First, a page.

Nov 24

Shutting down the seal hunt markets

The biggest blow to the sealing industry came in 2009 when the 27 nations of the EU joined the USA and Mexico in instituting a ban on the import of products derived from marine mammals. These products include skins, meat and oils from the commercial seal hunts

In 2011, Russia, Belarus and Kazakhstan followed up with a similar ban and early in 2013 Taiwan, the worlds 3rd largest importer of seal oils, also instituted a ban on such products due to the inherent cruelty involved.

The EU ban, which has survived several legal challenges, is still enforced and has seen the price of a seal pelt plummet from $130 to a mere $18. The number of seals brutally slaughtered in Canada has dropped from well over 200 000 to as few as 30 000.


With few markets left available to them, Canada and Namibia have turned  to ply their gruesome trade in China and Africa. Statistics reveal that South Africa (which has a moratorium on seal hunting) happens to be one of the markets that is being targeted by neighbouring Namibia.

  • #NEWS -Animal orgs approach #SouthAfrica to ban trade in marine mammal products #sealhunt

According to the United Nations, the trade in any animal listed on Appendix II of CITES needs to be carefully regulated with records being accurate and strictly controlled. Local and international trade statistics reveal that accurate records regarding the import and export of Cape Fur Seals (CITES Appendix II) are not being well maintained and there is no reliable way of telling if Omega 3 oils (used extensively by the health industry) are derived from the Namibian seal slaughter or from commercial fishing operations.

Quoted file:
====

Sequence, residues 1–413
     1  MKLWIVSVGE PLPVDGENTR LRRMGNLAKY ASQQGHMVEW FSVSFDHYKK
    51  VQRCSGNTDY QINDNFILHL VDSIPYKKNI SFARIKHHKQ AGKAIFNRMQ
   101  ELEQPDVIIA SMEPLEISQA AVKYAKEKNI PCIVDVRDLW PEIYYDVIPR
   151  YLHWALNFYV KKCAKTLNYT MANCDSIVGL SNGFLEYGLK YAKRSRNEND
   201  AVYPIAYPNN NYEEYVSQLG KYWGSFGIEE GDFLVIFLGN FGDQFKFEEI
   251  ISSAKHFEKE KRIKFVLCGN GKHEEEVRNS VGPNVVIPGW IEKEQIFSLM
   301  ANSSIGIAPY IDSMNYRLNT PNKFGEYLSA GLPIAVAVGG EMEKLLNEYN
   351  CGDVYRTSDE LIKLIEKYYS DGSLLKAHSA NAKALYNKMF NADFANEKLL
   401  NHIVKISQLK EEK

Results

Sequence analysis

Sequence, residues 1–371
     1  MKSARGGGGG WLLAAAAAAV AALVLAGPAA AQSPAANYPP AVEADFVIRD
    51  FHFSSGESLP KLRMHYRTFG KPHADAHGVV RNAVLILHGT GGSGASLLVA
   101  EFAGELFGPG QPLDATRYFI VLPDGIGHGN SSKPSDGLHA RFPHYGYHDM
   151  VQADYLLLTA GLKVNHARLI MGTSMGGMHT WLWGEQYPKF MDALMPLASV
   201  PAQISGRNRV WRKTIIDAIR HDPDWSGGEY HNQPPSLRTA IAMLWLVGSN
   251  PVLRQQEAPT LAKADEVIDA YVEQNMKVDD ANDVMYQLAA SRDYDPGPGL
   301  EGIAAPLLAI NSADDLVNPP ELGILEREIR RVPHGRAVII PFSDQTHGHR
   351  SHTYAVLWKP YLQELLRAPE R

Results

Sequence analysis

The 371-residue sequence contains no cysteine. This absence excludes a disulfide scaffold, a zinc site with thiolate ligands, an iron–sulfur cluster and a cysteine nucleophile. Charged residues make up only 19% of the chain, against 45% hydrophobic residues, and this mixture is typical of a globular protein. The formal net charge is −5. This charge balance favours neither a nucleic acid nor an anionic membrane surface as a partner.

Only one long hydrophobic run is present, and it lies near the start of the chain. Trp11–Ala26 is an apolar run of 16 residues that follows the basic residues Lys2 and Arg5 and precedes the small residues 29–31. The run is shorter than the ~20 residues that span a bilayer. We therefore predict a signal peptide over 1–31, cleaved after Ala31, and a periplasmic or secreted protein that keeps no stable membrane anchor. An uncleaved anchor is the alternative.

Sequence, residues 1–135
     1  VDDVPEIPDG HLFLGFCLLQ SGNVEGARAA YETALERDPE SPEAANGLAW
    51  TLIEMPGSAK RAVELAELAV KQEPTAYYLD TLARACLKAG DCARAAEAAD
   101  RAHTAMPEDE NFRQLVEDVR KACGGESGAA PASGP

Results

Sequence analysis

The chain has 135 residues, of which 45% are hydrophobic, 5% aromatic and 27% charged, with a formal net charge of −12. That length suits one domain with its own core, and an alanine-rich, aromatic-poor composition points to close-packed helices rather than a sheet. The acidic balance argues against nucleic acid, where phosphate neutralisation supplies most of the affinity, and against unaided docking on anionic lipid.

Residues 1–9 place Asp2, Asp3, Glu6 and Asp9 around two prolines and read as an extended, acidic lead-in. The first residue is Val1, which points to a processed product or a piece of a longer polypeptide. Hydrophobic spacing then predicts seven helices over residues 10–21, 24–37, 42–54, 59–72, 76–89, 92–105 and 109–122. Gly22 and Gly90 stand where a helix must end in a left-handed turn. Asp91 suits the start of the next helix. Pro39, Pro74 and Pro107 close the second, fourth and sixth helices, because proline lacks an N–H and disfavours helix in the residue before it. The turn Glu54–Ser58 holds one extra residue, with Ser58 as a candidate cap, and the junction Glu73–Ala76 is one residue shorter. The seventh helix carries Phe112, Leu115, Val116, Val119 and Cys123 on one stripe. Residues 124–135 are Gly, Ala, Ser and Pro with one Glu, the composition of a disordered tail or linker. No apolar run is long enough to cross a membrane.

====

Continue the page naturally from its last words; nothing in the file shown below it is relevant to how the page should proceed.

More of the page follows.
Working in collaboration with several organizations, a proposal, kindly compiled by HarpSeals.org has been sent to the South African government thanking them for the moratorium on seal hunting and urging them to become the first African nation to join the EU in instituting a trade ban on marine mammal products.


With South Africa already showing commitment to the protection of the marine environment, the banning of this trade would be the next natural step in ensuring a quality wildlife population for future generations. It would  also effectively shut down yet another market for what is undoubtedly one of the cruelest, most deceitful and iniquitous industries on earth.

The proposal has been endorsed by several leading organizations including, but not limited to

The proposal also has the backing of the following scientists who are regarded as leaders in their field of expertise.

  • Dr. Àlex Aguilar Vila, Full Professor, Vertebrates Unit, Department of Animal Biology, University of Barcelona, Spain
  • Prof. Rob Harcourt, Professor of Marine Ecology and Facility Leader, Australian Animal Tagging & Monitoring System, Department of Biological Sciences, Faculty of Science, Macquarie University, Sydney, New South Wales, Australia
  • Dr. Denise L. Herzing, Research Director, Wild Dolphin Project, 2008 Guggenheim Fellow, Affiliate Assistant Professor, Department of Biological Sciences and Department of Psychology, Florida Atlantic University, Boca Raton, Florida, U.S.A.
  • David M. Lavigne Ph.D., Dr. Philos., Marine Mammal Biologist, Guelph, Canada
  • Dr. Alan Springer, Research Professor, Institute of Marine Science, University of Alaska Fairbanks, Alaska, U.S.A.

Show YOUR support for this initiative by signing the petition HERE!!

keep calm poster